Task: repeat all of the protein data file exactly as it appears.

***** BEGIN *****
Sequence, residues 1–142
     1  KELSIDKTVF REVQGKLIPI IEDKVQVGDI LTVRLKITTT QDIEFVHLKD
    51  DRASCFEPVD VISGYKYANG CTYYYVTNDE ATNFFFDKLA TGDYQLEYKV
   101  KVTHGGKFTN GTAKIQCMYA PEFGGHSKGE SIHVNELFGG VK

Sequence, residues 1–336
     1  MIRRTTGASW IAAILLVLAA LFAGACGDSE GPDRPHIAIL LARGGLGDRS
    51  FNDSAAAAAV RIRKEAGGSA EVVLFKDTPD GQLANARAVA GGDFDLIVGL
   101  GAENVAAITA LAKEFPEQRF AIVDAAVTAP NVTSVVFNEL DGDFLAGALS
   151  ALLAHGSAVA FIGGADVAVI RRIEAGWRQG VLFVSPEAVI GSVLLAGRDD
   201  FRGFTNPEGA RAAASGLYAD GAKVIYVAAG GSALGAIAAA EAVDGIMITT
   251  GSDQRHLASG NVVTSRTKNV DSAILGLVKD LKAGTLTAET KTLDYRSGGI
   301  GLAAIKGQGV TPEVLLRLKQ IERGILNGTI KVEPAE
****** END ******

Sequence, residues 1–142
     1  KELSIDKTVF REVQGKLIPI IEDKVQVGDI LTVRLKITTT QDIEFVHLKD
    51  DRASCFEPVD VISGYKYANG CTYYYVTNDE ATNFFFDKLA TGDYQLEYKV
   101  KVTHGGKFTN GTAKIQCMYA PEFGGHSKGE SIHVNELFGG VK

Sequence, residues 1–336
     1  MIRRTTGASW IAAILLVLAA LFAGACGDSE GPDRPHIAIL LARGGLGDRS
    51  FNDSAAAAAV RIRKEAGGSA EVVLFKDTPD GQLANARAVA GGDFDLIVGL
   101  GAENVAAITA LAKEFPEQRF AIVDAAVTAP NVTSVVFNEL DGDFLAGALS
   151  ALLAHGSAVA FIGGADVAVI RRIEAGWRQG VLFVSPEAVI GSVLLAGRDD
   201  FRGFTNPEGA RAAASGLYAD GAKVIYVAAG GSALGAIAAA EAVDGIMITT
   251  GSDQRHLASG NVVTSRTKNV DSAILGLVKD LKAGTLTAET KTLDYRSGGI
   301  GLAAIKGQGV TPEVLLRLKQ IERGILNGTI KVEPAE